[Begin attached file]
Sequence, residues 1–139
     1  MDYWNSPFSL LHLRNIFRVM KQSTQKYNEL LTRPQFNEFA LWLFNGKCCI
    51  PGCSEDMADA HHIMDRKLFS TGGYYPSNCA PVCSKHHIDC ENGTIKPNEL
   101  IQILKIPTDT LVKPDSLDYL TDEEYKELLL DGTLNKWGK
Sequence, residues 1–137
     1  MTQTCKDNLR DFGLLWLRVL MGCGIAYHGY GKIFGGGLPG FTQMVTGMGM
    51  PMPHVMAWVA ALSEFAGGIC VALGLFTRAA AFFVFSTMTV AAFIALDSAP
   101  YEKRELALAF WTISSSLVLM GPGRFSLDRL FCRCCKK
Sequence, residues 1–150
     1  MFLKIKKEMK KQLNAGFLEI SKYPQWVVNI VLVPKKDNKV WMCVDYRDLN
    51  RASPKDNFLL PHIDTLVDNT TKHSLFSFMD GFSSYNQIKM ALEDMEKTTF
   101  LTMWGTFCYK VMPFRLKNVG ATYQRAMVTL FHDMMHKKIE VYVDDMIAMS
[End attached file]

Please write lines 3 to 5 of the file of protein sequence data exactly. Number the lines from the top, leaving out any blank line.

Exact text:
    51  PGCSEDMADA HHIMDRKLFS TGGYYPSNCA PVCSKHHIDC ENGTIKPNEL
   101  IQILKIPTDT LVKPDSLDYL TDEEYKELLL DGTLNKWGK
Sequence, residues 1–137